Crossfade: A Big Chill Anthology

Crossfade A Big Chill Anthology

“This ambient event has become a cherished window of tranquility in the diaries of overworked thirtysomethings.”-The Sunday Times
From humble beginnings as a Sunday all-day multimedia event, The Big Chill kick-started the whole ‘chill out’ genre, whilst steadfastly remaining far reaching in its musical remit. Now respected as a trendsetter and tastemaker, its annual festival has quickly grown to a capacity of 20,000. Crossfade addresses the notion of musical genres and the way in which they have influenced key musicians, DJs and Big Chillers’ lives.

Club Cultures: Music, Media, and Subcultural Capital

Club Cultures Music, Media, and Subcultural Capital

Focusing on youth cultures that revolve around dance clubs and raves in Great Britain and the U.S., Sarah Thornton highlights the values of authenticity and hipness and explores the complex hierarchies that emerge within the domain of popular culture. She portrays club cultures as “taste cultures” brought together by micro-media like flyers and listings, transformed into self-conscious “subcultures” by such niche media as the music and style press, and sometimes recast as “movements” with the aid of such mass media as tabloid newspaper front pages. She also traces changes in the recording medium from a marginal entertainment in the 50s to the clubs and raves of the 90s.
Drawing on the work of Pierre Bourdieu, Thornton coins the term “subcultural capital” to make sense of distinctions made by “cool” youth, noting particularly their disparagement of the “mainstream” against which they measure their alternative cultural worth. Well supported with case studies, readable, and innovative, Club Cultures will become a key text in cultural and media studies and in the sociology of culture.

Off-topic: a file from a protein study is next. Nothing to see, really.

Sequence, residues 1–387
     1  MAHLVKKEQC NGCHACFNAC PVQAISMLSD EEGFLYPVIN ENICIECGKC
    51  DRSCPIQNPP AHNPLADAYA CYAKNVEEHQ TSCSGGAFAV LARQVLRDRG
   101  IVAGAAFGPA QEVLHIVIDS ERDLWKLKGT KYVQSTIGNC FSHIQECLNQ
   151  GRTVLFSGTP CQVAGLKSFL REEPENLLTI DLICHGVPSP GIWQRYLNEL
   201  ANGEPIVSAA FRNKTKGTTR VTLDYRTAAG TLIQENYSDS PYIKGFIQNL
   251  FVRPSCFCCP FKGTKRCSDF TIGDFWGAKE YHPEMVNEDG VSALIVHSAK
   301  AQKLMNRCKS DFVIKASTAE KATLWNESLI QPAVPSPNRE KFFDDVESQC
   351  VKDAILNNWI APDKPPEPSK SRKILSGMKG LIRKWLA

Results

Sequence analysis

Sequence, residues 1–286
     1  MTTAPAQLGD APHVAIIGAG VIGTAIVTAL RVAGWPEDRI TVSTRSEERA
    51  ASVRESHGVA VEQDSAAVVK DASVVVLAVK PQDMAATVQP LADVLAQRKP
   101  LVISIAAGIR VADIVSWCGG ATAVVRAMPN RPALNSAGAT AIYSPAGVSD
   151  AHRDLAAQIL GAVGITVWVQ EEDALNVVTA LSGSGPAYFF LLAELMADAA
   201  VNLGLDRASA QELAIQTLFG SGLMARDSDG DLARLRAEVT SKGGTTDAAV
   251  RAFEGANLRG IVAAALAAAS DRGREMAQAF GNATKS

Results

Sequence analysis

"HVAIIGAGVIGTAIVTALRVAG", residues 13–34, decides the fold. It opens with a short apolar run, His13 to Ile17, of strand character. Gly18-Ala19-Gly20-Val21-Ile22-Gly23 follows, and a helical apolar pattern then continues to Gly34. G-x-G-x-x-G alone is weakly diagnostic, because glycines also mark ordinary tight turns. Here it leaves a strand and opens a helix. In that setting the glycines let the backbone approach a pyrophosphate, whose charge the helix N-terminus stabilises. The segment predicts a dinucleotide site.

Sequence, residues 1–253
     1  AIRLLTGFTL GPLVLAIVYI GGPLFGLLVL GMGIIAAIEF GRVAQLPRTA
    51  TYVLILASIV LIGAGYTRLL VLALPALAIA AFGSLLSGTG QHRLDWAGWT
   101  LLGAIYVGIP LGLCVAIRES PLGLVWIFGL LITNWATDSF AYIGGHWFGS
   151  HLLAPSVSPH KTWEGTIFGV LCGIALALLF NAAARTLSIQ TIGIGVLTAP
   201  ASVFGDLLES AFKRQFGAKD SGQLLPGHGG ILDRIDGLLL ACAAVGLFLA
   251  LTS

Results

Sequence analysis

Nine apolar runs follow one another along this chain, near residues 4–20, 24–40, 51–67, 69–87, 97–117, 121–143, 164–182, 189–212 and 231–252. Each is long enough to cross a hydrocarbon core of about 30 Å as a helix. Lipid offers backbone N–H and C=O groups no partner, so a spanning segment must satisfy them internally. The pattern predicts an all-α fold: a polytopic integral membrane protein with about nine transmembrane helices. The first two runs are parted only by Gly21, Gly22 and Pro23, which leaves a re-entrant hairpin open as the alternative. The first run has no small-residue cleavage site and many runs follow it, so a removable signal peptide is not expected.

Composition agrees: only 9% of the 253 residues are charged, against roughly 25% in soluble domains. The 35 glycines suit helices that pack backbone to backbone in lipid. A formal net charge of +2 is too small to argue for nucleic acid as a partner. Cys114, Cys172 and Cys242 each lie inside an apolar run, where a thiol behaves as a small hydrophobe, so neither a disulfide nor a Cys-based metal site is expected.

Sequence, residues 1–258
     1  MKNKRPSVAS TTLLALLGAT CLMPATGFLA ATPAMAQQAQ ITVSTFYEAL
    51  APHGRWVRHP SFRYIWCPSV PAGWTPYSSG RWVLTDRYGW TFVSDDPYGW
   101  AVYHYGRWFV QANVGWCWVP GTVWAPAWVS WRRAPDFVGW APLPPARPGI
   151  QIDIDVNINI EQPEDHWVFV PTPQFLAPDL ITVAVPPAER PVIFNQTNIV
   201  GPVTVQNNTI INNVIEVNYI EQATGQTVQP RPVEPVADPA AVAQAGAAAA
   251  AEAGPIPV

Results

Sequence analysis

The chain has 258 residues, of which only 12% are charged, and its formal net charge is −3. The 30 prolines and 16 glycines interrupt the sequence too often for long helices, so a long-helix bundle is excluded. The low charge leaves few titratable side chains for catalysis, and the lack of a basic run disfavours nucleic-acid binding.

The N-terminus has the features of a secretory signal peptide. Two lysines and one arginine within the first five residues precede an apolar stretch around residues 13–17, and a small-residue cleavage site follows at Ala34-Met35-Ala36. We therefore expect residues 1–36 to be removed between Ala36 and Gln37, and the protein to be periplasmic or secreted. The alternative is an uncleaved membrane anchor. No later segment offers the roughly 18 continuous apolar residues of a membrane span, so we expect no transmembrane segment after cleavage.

Discographies: Dance, Music, Culture and the Politics of Sound

Discographies Dance, Music, Culture and the Politics of Sound

Experiencing disco, hip hop, house, techno, drum ‘n’ bass and garage, Discographies plots a course through the transatlantic dance scene of the last last twenty-five years. It discusses the problems posed by contemporary dance culture of both academic and cultural study and finds these origins in the history of opposition to music as a source of sensory pleasure.
Discussing such issues as technology, club space. drugs, the musical body, gender, sexuality and pleasure, Discographies explores the ecstatic experiences at the heart of contemporary dance culture. It suggests why politicians and agencies as diverse as the independent music press and public broadcasting should be so hostile to this cultural phenomenon.

The DJ Chronicles – A Life Remixed

The DJ Chronicles – A Life Remixed